Some of the reasons why aircrew from the self-governing Dominions of the old British Empire (already being referred to as the British Commonwealth during WW2) became very mixed up in crews of larger aircraft with personnel from other Dominions or Colonies (or Allies) have already been explained on this Board, but not all. There was a large difference in the positions of Australia and New Zealand on the one hand, and Canada on the other, for instance, after the possible implications of Japan’s entry into the war in December 1941 became apparent. During all of 1940 and much of 1941 the two smaller Pacific Dominions had both been getting their respective aircrew training programmes up to their designed outputs (as also had Canada) and the RNZAF’s schools were considered to be at full output by May of 1941. However when both Australia and New Zealand were faced with the strong possibility that they themselves could soon be strategically isolated and under possible threat of invasion by a hostile Asian power during the early months of 1942, everything changed. It had been anticipated by both Australia and New Zealand that as soon as their flying training schools had attained full strength and maximum output, then resources could be diverted to increasing the flow of trained technical (ground) staff to the United Kingdom, where, like the existing flow of aircrew, they would serve on attachment to the RAF. These hopes were communicated to the British government. The flow of technical staff from New Zealand had in fact started as early as late-July 1940, with Fitter Armourers, Armourers, Wireless Operators (Ground), Radio Mechanics (for “Radio” read “Radar”), and Instrument Repairers proceeding in batches by sea every month or so in the case of New Zealand. It is believed that the Australians were also sending similar groups of technical tradesmen to the United Kingdom, although in substantially larger numbers then New Zealand (then as now, Australia had about five times New Zealand’s population). However it was not possible at this time to send any airframe or Aero engine technical staff to the United Kingdom as all those available were required for service in New Zealand, firstly to man all the burgeoning flying training schools, and then increasingly to provide groundstaff for the additional operational units which were being formed from late 1940 onwards to counter the actual incursions of German surface raiders, and later in 1941 to build up additional forces in Fiji in the face of possible Japanese incursions towards the South Pacific. Additionally the groundstaff of a new Fighter Squadron (No.488) had to be found at short notice from within these resources to assist in the defence of Singapore and Malaya in the July/August 1941 period which further delayed the building up of a surplus of skilled tradesmen. However by late 1941 these new units were all pretty well up to full strength and it was expected that contingents of Flight Riggers and Flight Mechanics, as well as some Fitter IIEs and IIAs would shortly be on their way around the world to the northern hemisphere. The Australians had been placed under similar stresses and strains during 1941, but all seemed to be slowly coming under control again when Japan struck at multiple points throughout the Pacific and Asia very early on the morning of 8th December 1941.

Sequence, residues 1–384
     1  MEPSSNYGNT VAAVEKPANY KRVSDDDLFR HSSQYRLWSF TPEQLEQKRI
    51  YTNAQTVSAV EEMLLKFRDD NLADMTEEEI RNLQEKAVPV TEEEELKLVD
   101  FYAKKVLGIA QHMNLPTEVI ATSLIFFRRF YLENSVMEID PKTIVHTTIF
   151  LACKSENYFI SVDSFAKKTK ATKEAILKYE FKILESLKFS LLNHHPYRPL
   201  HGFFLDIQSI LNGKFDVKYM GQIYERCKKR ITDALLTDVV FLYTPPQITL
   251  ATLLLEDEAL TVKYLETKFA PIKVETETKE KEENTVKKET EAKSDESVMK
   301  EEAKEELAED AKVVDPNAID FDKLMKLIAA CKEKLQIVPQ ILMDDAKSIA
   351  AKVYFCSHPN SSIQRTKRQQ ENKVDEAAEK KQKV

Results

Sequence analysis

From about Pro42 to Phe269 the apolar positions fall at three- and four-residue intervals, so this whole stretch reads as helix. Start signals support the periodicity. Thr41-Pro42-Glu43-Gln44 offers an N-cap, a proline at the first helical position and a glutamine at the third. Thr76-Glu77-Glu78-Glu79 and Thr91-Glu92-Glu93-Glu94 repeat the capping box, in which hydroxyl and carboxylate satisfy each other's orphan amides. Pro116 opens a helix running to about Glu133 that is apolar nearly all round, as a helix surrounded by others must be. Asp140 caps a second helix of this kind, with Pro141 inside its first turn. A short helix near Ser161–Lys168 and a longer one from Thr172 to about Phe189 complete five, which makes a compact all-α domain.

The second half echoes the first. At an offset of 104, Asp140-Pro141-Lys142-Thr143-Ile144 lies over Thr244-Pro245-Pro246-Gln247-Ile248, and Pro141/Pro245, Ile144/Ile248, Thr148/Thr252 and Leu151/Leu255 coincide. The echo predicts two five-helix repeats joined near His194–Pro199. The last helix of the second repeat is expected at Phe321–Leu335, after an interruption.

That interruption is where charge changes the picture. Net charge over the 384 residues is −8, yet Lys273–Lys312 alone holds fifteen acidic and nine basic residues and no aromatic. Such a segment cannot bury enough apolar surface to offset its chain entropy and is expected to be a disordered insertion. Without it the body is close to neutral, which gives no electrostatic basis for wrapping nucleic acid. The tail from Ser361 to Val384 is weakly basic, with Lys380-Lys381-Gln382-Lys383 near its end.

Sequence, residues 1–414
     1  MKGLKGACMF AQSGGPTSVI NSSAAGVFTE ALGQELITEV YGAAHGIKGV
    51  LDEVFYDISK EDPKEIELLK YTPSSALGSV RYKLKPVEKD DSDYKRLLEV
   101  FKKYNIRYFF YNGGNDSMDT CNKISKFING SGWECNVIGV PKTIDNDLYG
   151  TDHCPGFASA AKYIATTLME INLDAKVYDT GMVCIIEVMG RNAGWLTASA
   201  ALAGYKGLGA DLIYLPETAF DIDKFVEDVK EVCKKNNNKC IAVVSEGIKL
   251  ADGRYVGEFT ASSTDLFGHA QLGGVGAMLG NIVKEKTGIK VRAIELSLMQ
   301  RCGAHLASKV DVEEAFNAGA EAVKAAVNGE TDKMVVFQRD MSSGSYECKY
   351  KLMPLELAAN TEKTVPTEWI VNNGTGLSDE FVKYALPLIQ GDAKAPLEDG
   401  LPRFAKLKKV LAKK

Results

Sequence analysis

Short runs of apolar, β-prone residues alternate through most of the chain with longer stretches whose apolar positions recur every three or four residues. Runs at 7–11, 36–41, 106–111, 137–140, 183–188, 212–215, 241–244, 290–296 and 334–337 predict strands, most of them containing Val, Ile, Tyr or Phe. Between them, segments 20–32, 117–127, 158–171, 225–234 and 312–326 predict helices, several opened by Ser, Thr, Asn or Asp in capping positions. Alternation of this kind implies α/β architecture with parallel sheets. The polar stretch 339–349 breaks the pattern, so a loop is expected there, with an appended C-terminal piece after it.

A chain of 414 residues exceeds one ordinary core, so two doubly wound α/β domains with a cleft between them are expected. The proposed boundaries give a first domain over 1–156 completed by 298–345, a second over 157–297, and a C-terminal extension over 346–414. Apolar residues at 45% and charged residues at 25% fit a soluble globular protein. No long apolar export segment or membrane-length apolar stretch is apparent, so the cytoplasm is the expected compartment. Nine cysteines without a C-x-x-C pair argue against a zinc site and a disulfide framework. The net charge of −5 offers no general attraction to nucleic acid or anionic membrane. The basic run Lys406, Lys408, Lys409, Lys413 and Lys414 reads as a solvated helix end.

Once again all the plans of the British Commonwealth military strategists were thrown into disarray, and new plans were hastily made in Australia and New Zealand to meet the threat of possible invasion in the very near future. All flying training programmes came under review, new operational squadrons were hastily formed from whatever local resources were available, and urgent requests were made to the British government for additional aircraft, military advisors, and even for fully formed squadrons of aircraft and crews ready for operations on arrival. However contingents of trained pilots continued to depart regularly for service with the RAF, and the flow of trainees to Canada for advanced training continued unabated. Nevertheless no trained technical personnel departed New Zealand for service with the RAF after April 1942, apart from nine Fitter Armourers/Armourers in June 1943, and a group of 47 surplus radar personnel in early August 1944. Thus no qualified Airframe or Aero engine technical personnel were ever sent to the UK from New Zealand (and probably very few from Australia for precisely the same reasons), so no RNZAF personnel available to draw on when applications from such personnel were called for from serving personnel within the RAF when volunteers were required for Flight Engineer duties in the late 1942 and early 1943 period, or later for that matter.